Other holidays

  • Sunday is nominally a public holiday in South Australia.
  • Proclamation Day is in December in South Australia only.
  • Canberra Day is held on the 2nd Monday in March in the ACT. Prior to 2008, this holiday was celebrated on the 3rd Monday of March.
  • Melbourne Cup Day is held on the first Tuesday of November—the day of the Melbourne Cup. It was originally observed only in the Melbourne metropolitan area. From 2007 to 2009 in ACT, Melbourne Cup day was also a holiday called "Family and Community Day". The holiday continued from 2010 to 2017 but no longer coincided with Melbourne Cup day. In Victoria, the Public Holidays Act 1993 (Vic) was amended from 24 September 2008 and made the Melbourne Cup Day holiday applicable in all parts of the state (unless another day is observed in substitute). It also made the holiday applicable to employees covered by federal awards.
  • Recreation Day is the first Monday of November, and celebrated in Northern Tasmania where Regatta Day is not a holiday.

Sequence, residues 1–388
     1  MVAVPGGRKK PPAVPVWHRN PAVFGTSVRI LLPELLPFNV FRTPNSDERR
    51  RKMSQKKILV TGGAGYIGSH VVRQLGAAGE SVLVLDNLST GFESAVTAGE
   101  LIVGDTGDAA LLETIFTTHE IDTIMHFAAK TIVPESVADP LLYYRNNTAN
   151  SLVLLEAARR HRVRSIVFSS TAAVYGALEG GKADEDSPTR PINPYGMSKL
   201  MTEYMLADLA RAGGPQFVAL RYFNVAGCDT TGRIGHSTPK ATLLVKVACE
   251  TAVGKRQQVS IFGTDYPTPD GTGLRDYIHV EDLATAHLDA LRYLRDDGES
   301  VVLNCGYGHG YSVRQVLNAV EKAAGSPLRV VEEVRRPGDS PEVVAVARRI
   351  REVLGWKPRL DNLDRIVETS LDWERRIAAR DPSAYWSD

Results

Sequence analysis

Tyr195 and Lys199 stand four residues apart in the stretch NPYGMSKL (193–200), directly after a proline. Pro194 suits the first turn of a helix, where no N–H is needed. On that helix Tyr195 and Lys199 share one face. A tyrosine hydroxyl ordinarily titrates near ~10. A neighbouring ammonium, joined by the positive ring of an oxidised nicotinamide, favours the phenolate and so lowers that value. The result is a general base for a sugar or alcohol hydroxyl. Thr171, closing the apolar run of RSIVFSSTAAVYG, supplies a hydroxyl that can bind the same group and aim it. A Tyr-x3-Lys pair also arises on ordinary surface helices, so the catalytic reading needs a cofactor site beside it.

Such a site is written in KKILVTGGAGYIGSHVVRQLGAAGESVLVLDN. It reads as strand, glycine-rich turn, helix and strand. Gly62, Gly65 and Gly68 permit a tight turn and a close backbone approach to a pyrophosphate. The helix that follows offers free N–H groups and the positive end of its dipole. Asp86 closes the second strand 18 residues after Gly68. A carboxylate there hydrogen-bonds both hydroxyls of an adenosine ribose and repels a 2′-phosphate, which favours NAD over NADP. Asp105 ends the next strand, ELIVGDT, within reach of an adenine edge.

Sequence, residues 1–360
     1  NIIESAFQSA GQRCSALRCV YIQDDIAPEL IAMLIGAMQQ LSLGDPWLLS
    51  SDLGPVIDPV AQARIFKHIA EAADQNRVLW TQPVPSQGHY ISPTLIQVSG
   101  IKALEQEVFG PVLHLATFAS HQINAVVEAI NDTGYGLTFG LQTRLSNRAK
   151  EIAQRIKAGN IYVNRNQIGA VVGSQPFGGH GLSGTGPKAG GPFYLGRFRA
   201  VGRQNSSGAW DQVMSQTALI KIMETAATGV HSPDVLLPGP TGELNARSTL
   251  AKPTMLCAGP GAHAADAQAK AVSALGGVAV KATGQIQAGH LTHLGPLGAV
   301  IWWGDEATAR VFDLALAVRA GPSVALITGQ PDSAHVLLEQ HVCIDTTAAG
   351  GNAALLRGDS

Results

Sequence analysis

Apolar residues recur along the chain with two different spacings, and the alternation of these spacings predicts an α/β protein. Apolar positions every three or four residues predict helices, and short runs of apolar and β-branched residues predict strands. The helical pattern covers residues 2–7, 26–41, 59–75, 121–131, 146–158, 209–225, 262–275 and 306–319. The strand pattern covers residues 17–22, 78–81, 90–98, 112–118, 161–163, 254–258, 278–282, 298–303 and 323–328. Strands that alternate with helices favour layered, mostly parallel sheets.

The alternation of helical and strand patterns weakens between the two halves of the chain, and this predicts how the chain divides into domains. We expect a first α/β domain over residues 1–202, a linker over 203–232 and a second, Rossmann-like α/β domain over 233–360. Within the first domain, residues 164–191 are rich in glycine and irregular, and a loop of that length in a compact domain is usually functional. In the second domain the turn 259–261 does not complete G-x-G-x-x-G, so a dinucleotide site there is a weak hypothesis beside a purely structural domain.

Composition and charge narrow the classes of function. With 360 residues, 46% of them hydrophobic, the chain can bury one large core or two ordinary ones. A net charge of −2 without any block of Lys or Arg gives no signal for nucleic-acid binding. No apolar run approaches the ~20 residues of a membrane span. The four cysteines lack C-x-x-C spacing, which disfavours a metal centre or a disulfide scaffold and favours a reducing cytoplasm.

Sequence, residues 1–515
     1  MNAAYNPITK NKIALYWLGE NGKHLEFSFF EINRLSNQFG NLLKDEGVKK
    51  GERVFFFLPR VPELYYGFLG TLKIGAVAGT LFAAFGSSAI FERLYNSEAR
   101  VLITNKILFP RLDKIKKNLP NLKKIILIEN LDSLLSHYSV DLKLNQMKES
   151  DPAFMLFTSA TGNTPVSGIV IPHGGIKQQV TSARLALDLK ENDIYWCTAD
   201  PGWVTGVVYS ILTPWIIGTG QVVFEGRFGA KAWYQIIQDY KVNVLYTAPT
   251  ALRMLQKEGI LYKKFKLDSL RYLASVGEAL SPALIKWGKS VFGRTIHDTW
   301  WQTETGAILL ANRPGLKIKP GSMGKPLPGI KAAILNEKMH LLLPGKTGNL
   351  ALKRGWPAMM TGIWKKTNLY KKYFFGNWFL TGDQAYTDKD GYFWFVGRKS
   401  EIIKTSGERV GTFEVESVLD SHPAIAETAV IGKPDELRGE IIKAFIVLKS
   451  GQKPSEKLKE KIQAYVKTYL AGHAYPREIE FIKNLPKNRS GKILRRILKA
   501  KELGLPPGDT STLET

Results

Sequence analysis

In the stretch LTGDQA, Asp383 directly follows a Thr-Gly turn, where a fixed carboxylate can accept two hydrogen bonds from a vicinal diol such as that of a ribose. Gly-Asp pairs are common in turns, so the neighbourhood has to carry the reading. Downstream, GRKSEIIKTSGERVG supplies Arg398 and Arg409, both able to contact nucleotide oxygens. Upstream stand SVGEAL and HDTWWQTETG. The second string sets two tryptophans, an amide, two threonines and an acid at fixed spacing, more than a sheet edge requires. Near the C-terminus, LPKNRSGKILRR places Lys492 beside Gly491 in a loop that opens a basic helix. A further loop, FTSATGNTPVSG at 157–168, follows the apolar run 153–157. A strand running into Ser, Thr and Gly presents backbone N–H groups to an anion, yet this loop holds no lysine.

• Regatta Day is the second Monday in February, and is celebrated in Southern Tasmania. Previously it was held on the second Tuesday in February.
  • Geelong Cup Day is held on the fourth Wednesday of October in the city of Geelong, Victoria
  • Queensland Day is celebrated on 6 June each year, but not with a public holiday.
  • Adelaide Cup Day is held on the second Monday in March in South Australia (held in May before 2006)[40]
  • Western Australia Day in Western Australia on the first Monday in June.
  • Picnic Day in the Northern Territory in August, and also May Day
  • Tasmania has Easter Tuesday as a bank holiday (for bank and government employees only).